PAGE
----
Washington Commemorates Peace and Nuclear Disarmament by Testing a New Advanced Nuclear Missile

In-depth Report:

The US plan to test nuclear missiles next week has drawn fire from international peace activists who have been calling for the abolition of nuclear weapons for years.

“Instead of honouring the significance of these dates and working in good faith to achieve nuclear disarmament, the United States has chosen to schedule two tests of its Minuteman III Intercontinental Ballistic Missile on September 22 and September 26,” said Rick Wayman of the Nuclear Age Peace Foundation.

September 21 is the International Day of Peace that would be observed throughout the world before the UN high-level meeting on nuclear disarmament takes place at the world body’s headquarters in New York on September 26.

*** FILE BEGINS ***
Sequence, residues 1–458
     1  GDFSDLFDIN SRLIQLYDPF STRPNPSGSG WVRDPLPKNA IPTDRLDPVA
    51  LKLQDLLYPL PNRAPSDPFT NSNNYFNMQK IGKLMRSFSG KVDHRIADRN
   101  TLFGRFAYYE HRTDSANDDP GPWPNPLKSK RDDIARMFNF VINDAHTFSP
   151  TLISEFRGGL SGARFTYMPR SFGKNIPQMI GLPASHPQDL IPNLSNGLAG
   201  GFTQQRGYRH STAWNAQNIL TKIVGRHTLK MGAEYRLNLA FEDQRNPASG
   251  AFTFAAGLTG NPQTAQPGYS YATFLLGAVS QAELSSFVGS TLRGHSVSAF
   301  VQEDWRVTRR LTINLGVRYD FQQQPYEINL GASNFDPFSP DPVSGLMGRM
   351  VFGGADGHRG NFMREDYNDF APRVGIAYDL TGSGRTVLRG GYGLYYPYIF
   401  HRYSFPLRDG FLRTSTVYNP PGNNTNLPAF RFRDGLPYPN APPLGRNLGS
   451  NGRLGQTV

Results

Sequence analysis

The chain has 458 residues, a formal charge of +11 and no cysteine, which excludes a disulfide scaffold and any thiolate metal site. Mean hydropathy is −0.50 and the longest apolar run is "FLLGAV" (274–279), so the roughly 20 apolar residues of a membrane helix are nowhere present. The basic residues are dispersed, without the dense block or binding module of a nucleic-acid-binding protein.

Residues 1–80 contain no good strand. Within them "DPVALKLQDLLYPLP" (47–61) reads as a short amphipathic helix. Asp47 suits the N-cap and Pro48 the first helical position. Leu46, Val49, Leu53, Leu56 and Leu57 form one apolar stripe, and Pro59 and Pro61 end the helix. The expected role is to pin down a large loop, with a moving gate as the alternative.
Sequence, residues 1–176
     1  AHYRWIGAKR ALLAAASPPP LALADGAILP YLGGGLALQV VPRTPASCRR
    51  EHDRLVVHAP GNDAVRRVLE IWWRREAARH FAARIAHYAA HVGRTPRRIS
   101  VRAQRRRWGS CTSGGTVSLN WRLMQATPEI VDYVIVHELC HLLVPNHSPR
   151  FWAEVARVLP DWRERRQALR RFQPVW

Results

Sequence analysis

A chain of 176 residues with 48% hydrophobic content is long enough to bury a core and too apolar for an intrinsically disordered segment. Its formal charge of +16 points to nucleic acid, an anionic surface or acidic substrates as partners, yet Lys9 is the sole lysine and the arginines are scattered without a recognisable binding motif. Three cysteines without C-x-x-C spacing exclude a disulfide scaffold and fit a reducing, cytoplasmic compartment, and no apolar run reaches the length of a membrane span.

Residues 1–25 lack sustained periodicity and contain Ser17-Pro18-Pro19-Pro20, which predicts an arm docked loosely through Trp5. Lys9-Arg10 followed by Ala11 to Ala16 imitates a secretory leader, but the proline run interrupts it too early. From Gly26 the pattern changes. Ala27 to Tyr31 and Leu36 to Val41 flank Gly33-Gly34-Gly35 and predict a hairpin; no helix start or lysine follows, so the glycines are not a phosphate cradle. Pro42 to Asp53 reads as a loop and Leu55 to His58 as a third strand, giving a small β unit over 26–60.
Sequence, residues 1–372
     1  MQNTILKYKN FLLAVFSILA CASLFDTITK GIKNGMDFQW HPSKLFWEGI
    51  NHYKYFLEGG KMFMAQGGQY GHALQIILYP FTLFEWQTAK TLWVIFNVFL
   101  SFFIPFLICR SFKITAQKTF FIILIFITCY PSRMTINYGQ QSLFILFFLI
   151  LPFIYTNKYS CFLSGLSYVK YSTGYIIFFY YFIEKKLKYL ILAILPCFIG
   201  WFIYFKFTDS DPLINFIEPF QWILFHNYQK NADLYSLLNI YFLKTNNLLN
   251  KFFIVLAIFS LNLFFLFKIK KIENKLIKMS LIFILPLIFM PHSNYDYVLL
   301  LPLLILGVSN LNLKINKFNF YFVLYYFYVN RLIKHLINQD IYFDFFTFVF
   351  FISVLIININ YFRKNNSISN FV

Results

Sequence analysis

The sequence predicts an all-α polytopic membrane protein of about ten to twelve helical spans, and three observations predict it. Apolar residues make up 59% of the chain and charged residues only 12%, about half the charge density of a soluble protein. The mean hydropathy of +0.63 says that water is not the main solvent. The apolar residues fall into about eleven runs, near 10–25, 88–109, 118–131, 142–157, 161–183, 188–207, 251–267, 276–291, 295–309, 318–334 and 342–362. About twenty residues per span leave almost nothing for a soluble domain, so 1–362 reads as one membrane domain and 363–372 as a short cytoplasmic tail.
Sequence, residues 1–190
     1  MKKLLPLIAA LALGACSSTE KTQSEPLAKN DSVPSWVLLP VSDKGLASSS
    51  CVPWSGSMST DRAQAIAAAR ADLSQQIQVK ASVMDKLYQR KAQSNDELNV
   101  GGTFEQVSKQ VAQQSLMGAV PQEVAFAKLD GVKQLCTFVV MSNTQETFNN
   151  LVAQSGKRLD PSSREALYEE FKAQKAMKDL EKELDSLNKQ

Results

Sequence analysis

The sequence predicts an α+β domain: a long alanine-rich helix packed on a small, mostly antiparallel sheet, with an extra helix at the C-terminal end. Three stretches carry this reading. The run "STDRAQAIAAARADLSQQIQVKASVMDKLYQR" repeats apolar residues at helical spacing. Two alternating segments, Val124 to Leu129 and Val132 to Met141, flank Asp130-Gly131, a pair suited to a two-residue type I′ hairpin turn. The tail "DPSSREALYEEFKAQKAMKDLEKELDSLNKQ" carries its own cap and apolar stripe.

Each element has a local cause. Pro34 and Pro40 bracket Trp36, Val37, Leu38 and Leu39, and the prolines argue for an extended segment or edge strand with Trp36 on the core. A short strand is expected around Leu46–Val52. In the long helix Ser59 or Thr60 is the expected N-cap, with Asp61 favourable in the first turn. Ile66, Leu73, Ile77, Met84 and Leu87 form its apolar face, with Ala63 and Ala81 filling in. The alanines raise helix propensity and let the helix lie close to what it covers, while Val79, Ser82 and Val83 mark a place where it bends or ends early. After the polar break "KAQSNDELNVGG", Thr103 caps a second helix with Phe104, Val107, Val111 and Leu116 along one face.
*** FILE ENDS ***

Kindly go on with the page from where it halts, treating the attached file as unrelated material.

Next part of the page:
“Just hours after the International Day of Peace ends, the US plans to launch a Minuteman III – the missile that delivers US land-based nuclear weapons – from Vandenberg Air Force Base in California to the Kwajalein Atoll in the Marshall Islands,” Wayman said.

In a statement sent to Daily Times, he added, “Then, on the same day that most countries will send their head of state or foreign minister to New York for the UN’s first-ever High-Level Meeting on nuclear disarmament, the US plans to send another Minuteman III missile from California to the Marshall Islands. These missiles are designed to carry nuclear warheads capable of killing thousands of times more people than the chemical weapons used in Syria,” he added.

The US Vandenberg Air Force Base has not yet publicly announced either of these launches, but sources say there are two Minuteman III launches scheduled for some time this month.

According to them, the launches are due to take place on September 22 and 26.

“We are disappointed that a test launch is scheduled for the same day as the High-Level Meeting on nuclear disarmament at the UN in New York,” Wayman told Daily Times.

Asked to comment on this issue, the UN spokesperson, Farhan Haq, cited the UN secretary general’s recent statement in which he said, “We should all remember the terrible toll of nuclear tests.”